Veterans who suffered an injury or illness during their active-duty service may be eligible for disability compensation from the Department of Veterans Affairs (VA). VA disability compensation is a monthly, tax-free benefit. The amount you may be eligible for varies depending on your overall disability combined rating, which is based on the severity of your service-related condition(s). The more severe or incapacitating your condition is, the more VA disability compensation you may be eligible for.
Physical wounds and injuries, as well as mental health and psychological problems, are covered by the VA. As a result, you may be eligible for compensation for service-related mental health conditions such as PTSD, anxiety, and depression. To learn more about how the VA determines disability compensation rates for veterans, reach out to our firm today.
If the VA determines that you have a service-connected condition, or multiple such conditions, you will be given a disability rating ranging from 0% to 100% depending on how debilitating your impairment is.
Veterans with a service-related diagnosis may only receive a 0% rating if their condition has not manifested to at least a 10% degree. Even though a 0% rating does not warrant any type of compensation, this does allow the veteran to receive free healthcare for that specific condition at any VA Medical Facility. Veterans with completely disabling service-related conditions receive a rating of 100% disability.
If you are rated at least 30% disabled and have a spouse, child, or dependent parent, you may be eligible for a higher VA disability compensation rate. To do so, you can submit a VA Form 21-686, Declaration of Status of Dependents with supporting evidence.
As of 2021, the VA disability compensation rate for former servicemembers rated at 10% disability is $144.14 per month, and $284.93 per month for those rated at 20% disability, regardless of family status. For those rated at 30% or higher, their monthly benefit varies based on their family status.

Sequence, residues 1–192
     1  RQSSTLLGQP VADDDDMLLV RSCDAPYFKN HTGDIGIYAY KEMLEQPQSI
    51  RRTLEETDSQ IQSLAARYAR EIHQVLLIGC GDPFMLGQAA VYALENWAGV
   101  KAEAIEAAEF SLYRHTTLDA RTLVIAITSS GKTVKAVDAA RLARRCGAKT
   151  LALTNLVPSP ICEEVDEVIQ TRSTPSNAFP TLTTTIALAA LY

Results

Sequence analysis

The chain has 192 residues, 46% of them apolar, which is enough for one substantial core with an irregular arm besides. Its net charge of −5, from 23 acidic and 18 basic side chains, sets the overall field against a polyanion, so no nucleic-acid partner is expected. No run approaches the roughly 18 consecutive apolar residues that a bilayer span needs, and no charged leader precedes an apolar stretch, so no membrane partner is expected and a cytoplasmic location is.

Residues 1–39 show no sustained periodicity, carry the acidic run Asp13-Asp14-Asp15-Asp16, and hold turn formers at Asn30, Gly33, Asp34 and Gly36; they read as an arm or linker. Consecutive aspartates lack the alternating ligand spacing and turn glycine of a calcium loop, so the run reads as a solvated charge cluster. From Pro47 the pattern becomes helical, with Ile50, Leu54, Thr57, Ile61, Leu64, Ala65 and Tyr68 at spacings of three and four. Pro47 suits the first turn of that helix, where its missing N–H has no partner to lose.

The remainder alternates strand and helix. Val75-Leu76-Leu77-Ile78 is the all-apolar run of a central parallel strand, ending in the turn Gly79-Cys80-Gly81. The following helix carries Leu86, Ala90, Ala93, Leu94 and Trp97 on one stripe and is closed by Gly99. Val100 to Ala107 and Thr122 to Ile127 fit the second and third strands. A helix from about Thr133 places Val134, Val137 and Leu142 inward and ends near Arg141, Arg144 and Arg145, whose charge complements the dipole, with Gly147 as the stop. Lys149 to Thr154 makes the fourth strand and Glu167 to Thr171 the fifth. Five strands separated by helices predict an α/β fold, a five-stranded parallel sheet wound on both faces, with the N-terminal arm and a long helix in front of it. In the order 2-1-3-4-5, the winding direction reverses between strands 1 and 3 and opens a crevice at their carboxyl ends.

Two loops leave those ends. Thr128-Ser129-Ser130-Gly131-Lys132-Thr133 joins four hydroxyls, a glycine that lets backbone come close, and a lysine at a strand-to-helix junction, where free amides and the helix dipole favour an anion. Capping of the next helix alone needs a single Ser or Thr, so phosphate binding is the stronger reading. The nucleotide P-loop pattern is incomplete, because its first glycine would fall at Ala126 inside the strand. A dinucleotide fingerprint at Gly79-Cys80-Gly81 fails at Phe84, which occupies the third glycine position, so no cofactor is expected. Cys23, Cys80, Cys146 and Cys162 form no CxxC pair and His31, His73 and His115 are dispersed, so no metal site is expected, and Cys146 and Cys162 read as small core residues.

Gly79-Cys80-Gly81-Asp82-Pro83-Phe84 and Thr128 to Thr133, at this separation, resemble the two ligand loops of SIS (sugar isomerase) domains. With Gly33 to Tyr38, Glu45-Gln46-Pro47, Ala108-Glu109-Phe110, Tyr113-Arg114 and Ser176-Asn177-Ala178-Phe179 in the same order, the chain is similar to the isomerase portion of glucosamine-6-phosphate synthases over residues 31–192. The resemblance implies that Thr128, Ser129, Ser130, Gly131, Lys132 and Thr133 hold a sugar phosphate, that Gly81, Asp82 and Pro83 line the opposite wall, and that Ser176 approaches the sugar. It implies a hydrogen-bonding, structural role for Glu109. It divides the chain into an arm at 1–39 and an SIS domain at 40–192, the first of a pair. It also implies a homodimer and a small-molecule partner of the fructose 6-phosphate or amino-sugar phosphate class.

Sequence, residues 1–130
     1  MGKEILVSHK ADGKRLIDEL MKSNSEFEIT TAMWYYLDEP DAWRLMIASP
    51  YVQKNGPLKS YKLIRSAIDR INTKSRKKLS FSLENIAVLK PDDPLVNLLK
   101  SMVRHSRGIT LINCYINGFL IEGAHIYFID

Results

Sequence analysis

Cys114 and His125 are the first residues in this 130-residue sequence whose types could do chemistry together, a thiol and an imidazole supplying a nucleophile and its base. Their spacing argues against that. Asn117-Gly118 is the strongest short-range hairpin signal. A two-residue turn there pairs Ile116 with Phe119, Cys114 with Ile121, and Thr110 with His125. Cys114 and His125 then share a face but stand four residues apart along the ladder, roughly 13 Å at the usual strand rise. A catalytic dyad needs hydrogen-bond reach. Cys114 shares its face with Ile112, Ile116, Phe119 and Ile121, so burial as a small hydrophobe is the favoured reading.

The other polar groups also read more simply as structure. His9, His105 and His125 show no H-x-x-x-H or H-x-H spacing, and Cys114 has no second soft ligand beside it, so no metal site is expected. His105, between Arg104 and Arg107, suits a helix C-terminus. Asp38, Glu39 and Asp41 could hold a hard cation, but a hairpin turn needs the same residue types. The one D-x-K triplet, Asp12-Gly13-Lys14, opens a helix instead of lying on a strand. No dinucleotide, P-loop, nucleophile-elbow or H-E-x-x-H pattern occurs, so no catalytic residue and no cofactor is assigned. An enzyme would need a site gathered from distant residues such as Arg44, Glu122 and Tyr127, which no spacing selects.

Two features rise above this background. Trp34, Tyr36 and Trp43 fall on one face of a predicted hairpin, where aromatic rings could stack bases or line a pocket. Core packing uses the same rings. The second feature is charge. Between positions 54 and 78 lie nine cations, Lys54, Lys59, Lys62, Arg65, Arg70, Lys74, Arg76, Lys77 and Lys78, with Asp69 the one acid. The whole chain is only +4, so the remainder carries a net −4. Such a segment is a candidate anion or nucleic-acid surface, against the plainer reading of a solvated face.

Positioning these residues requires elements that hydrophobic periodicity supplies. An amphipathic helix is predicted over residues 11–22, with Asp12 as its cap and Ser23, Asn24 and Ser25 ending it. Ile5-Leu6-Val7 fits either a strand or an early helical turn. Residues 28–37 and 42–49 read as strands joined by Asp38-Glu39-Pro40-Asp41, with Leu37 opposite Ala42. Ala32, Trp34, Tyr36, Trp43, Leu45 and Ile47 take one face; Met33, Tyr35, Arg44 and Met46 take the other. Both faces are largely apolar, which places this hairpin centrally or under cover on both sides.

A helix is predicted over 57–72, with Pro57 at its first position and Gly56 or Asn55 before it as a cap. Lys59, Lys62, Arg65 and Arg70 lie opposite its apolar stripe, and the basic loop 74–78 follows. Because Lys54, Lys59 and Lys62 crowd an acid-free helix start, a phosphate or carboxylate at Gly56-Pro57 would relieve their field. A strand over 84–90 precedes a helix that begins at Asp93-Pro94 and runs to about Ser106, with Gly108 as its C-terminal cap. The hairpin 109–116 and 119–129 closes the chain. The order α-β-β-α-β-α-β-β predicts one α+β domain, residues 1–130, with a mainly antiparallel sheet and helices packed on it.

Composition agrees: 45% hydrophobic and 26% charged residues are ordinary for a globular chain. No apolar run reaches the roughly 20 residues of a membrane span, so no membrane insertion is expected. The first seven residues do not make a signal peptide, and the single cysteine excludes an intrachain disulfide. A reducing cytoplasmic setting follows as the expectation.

While your monthly compensation will be higher if your VA disability rating is higher, the 30% mark is critical. If your percentage is less than 30%, you will be compensated as a single veteran with no dependents. As a result, if you have a 10% or 20% VA disability rating, you will earn the base amount for that level of impairment.
It makes no difference whether you have children or not. Even if you have 10 children and a wife – you will be eligible for the same benefits as a veteran who is single with no children. The VA includes dependents in its calculation at the 30% disability level, meaning if you have dependents, you will receive additional monthly compensation.
If the VA assigns a disability compensation rate that is too low, reach out to our team for assistance with appealing that decision.
If you have any questions regarding VA disability compensation rates, please contact our lawyers for more information. We can assist you in applying for these benefits or filing an appeal if you were previously given a compensation lower than you deserve. To learn more, give us a call right now.